PRAGUE – Aeronautical content and satellite-connectivity provider Global Eagle Entertainment (GEE) on May 9 said it would purchase maritime satellite services provider EMC for $550 million in the latest consolidation in the mobile satellite business.

GEE Chief Executive Dave Davis said the combined company would be able to generate at least $40 million in annual synergies from 2019 as it trims its satellite bandwidth requirements to eliminate unneeded overlap and performs other cost-cutting measures.

The enlarged GEE will have a portfolio of customers about evenly divided between airline and maritime customers, and one whose revenue is derived about 50 percent from connectivity – providing bandwidth to customers – and 50 percent from providing audio and video programming, a GEE specialty.

The new company’s expected 2016 revenue of around $675 million — $480 million from GEE and $195 million from the former EMC – likely would be 33 percent from aviation 33 percent from the cruise and yacht markets, 22 percent from nongovernmental organizations and 12 percent from commercial shipping and energy production, the company said in a May 9 conference call.

The transaction obeys the same logic that drove Panasonic Avionics’ purchase in 2015 of ITC Global: Commercial air routes often resemble shipping lanes, and the same satellite that beams broadband to an aircraft can provide the same service to maritime customers further below.

Abel Avellan, EMC’s chief executive and founder, said the Miami-based company is growing at 15 percent annually and has almost no exposure to the oil and gas connectivity business, which has slumped with the drop in crude-oil prices. Avellan will become GEE’s president and chief strategy officer.

EMC has focused on cruise ships and yachts. Its addressable market includes 150,000 cruise-line cabins, more than 7,500 yachts of various sizes and 130,000 merchant vessels.

Miami-based MC owns 21 teleports worldwide and has a patented digital compression and bandwidth-optimization technology that the company says maximizes the number of bits it can squeeze from a hertz of bandwidth.

Airline connectivity providers have been scooping up satellite bandwidth, in both Ku- and Ka-band, to assemble global networks that appeal to airlines that, in the past year or two, appear to have concluded that they need to provide broadband to their passengers and crews.

The post-acquisition GEE will now be able to reduce, by an undisclosed amount, the satellite that GEE and EMC separately would have purchased, and to negotiate better terms for future bandwidth leases, Davis said in a May 9 conference call.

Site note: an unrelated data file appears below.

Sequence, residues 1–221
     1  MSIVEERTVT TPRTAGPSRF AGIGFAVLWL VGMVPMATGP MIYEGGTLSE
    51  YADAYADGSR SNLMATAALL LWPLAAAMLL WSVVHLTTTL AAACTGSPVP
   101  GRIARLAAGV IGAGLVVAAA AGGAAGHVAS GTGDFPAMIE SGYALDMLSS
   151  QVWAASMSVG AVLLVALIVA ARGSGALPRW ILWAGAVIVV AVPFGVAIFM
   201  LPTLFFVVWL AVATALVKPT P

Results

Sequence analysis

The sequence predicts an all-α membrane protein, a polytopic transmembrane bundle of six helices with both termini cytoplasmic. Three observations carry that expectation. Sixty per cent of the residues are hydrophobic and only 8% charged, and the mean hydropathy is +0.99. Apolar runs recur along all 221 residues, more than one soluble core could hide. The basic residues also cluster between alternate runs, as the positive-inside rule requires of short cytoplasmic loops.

“One of the most compelling things about this transaction – and I can’t emphasize this enough – is the synergy created,” Davis said. “We have overlapping areas of coverage, which aren’t needed. We have different contracts which we believe we can combine and save significantly on the combined company’s spend on satellite bandwidth.

“When you combine our two networks, we have total global coverage in the Ku-band and we also have some Ka-band coverage, as well as global C-band through the EMC network,” he said.

Network operating centers will be consolidated as well, with GEE using EMC-owned teleports for aviation customers.

EMC also has Ka-band capacity in the Middle East. Avellan said the combined company, like EMC, will have no preference for one bandwidth over another even if most of its current maritime business is in Ku-band. GEE has leased Ka-band capacity over North America aboard EchoStar’s Hughes Network Systems’ Jupiter-2/EchoStar 19 satellite, to be launched later this year.

GEE is purchasing EMC from Boston-based Abry Partners, which will have a right to a seat on GEE’s board of directors. The $550 million purchase price includes $25 million in deferred compensation to be paid, at GEE’s discretion, in cash or stock within one year.

Davis said the purchase price is 5.5 times EMC’s expected EBITDA, or earnings before interest, taxes, depreciation and amortization, after adjusting for the full $40 million in synergies to accrue to the company by 2019. EMC said it expects to report about $60 million in adjusted EBITDA for 2016, given the transaction a value of 9.2 times EBITDA.

For the three months ending March 31, GEE reported revenue of $83.6 million, up 17 percent from the same period a year ago, with half the growth coming from GEE acquisitions made in 2015. Adjusted EBITDA was $10.3 million, up 26 percent from a year ago.

Davis said GEE expects no change to its relationship with Southwest Airlines, a long-standing customer that is fitting some of its planes with GEE connectivity hardware but has also indicated it would survey the current aeronautical broadband market to determine what is available.

Peter B. de Selding was the Paris bureau chief for SpaceNews.